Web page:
Tuberculous pericarditis occurs when tuberculosis spreads to the area surrounding your heart. It can cause symptoms like chest pain and lead to life threatening complications. Prompt treatment is essential.

Tuberculosis (TB) is a bacterial infection caused by Mycobacterium tuberculosis (M. tuberculosis). TB remains one of the 10 leading causes of death worldwide. Most cases occur in developing countries, but about 8,000 cases still occur annually in the United States.

While TB most often affects the lungs, it can spread to other tissues, including the heart. About 1% of people with TB develop tuberculous pericarditis, an infection of the pericardium — the sac surrounding your heart.

Read on to learn more about this condition, including symptoms, risk factors, and treatment options.

Tuberculous pericarditis often starts with nonspecific symptoms such as:

The main symptom is chest pain that might:

  • feel sharp or stabbing
  • spread to your abdomen, arms, or shoulders
  • feel worse when you breathe in deeply, cough, or swallow
  • feel worse when you lie on your left side
  • get better when you lean forward

Other symptoms include:

Most but not all people with tuberculous pericarditis also have respiratory symptoms that can include:

The same bacteria that cause pulmonary (lung) TB cause tuberculous pericarditis. Transmission of M. tuberculosis occurs when you breathe in the respiratory air droplets of someone with the infection.

M. tuberculosis can reach your lungs through your airways. About 15% of people with an infection develop symptoms outside the lungs due to the spread of the bacteria through blood or lymph fluid.

TB infection of other body parts is called extrapulmonary TB. Tuberculous pericarditis is a rare type of extrapulmonary TB.

Learn more about the types of TB.

Your risk of TB infection spreading to your pericardium is higher if you have a weakened immune system. HIV is perhaps the most significant risk factor for tuberculous pericarditis, especially in regions like Southern Africa, where both conditions are endemic.

Risk factors for TB in general include:

  • coming into close contact with somebody with TB
  • visiting or moving from a country with high rates of TB
  • working or residing in areas with a high risk of exposure, such as:
    • homeless shelters
    • correctional facilities
    • hospitals
  • having a condition that weakens your immune system, such as:
    • receiving an organ transplant

According to the Centers for Disease Control and Prevention (CDC), 73% of U.S. TB cases in 2022 occurred in people born in other countries. Among people born outside the United States, the highest rates were reported in people of Asian, Hispanic, or African backgrounds.

In the CDC data, TB was most common in people over the age of 65 years. However, children may be more prone to TB spreading to the pericardium.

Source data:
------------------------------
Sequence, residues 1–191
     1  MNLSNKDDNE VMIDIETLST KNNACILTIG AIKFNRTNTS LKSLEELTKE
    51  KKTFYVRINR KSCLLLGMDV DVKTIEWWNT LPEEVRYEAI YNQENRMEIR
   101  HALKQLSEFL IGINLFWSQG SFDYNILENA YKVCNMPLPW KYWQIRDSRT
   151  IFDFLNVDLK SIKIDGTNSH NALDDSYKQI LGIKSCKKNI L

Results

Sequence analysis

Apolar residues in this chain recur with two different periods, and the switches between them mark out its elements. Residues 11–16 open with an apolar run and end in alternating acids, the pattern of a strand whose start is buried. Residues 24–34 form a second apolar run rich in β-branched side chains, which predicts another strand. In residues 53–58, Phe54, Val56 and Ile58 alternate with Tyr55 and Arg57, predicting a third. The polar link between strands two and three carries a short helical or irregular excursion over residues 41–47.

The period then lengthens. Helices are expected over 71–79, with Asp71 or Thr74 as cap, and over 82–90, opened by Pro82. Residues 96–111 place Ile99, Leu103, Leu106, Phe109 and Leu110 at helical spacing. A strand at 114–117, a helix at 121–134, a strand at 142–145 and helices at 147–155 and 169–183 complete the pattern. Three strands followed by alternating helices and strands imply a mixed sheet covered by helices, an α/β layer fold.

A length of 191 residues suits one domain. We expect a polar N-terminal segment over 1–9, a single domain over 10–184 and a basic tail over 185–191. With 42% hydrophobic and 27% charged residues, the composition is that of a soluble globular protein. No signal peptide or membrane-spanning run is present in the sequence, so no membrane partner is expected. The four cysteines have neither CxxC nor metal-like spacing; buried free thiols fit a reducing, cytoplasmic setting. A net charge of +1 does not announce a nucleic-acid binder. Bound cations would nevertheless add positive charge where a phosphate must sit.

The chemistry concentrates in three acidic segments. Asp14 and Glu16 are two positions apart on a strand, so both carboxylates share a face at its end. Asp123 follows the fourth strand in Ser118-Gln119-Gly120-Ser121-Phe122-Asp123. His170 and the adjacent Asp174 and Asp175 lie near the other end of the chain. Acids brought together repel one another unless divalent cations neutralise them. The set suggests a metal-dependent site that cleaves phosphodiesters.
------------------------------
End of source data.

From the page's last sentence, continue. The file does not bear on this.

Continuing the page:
To diagnose tuberculous pericarditis, a doctor will first consider your symptoms and your personal and family medical history. They may also perform the following:

A doctor can confirm the infection with a biopsy, in which they will take a sample of your pericardial fluid with a long, thin needle and perform laboratory tests to look for signs of the bacteria.

Treatment for tuberculous pericarditis has three goals:

  • eliminating and controlling the spread of bacteria
  • relieving pressure from fluid buildup around your heart
  • preventing remodeling of the heart that can cause constrictive pericarditis, which is a thickening and tightening of the sac around your heart

Doctors usually prescribe antibiotics for 6–12 months to eliminate M. tuberculosis. The most common drug combination includes:

A doctor may also need to remove fluid from your pericardium using a procedure called pericardiocentesis. This involves using imaging to guide a thin needle to drain the fluid.

If complications like constrictive pericarditis occur, a doctor may need to perform a pericardiectomy. This involves removing all or part of the pericardium to relieve pressure on your heart.

Potential treatments for preventing constrictive pericarditis include:

Without prompt treatment, tuberculous pericarditis can lead to serious complications such as:

  • pericardial fibrosis (scarring)
  • pressure on your heart (cardiac tamponade)
  • constrictive pericarditis

Tuberculous pericarditis can be life threatening, especially if you don’t receive prompt medical attention.

Having HIV can worsen your outlook with tuberculous pericarditis. Research from 2008 found that 40% of people with tuberculous pericarditis and HIV died within 6 months. The death rate was 17% among those without HIV.

Your outlook may also be worse if you require a pericardiectomy, which has a mortality rate of up to 12%, depending on the center where you receive the procedure.

Here are some frequently asked questions people have about tuberculous pericarditis.

Is tuberculous pericarditis contagious?

Generally, people with TB outside of their lungs don’t transmit the infection. However, you can still potentially transmit TB if you also have respiratory symptoms.

What is the mortality rate for tuberculous pericarditis?

The death rate for tuberculous pericarditis is high. Older research suggests a 6-month mortality rate of 17–40%.

How can I prevent tuberculous pericarditis if I have TB?

Early diagnosis and treatment of active TB can potentially help reduce the spread of bacteria to other parts of your body. Doctors usually prescribe medications to kill the bacteria.

Most people with TB have respiratory symptoms, but less than 2% develop tuberculous pericarditis, which is an infection of the sac around your heart.

Tuberculous pericarditis is a medical emergency that requires immediate attention to avoid life threatening complications. Treatment usually involves taking medications for more than 6 months to kill the bacteria.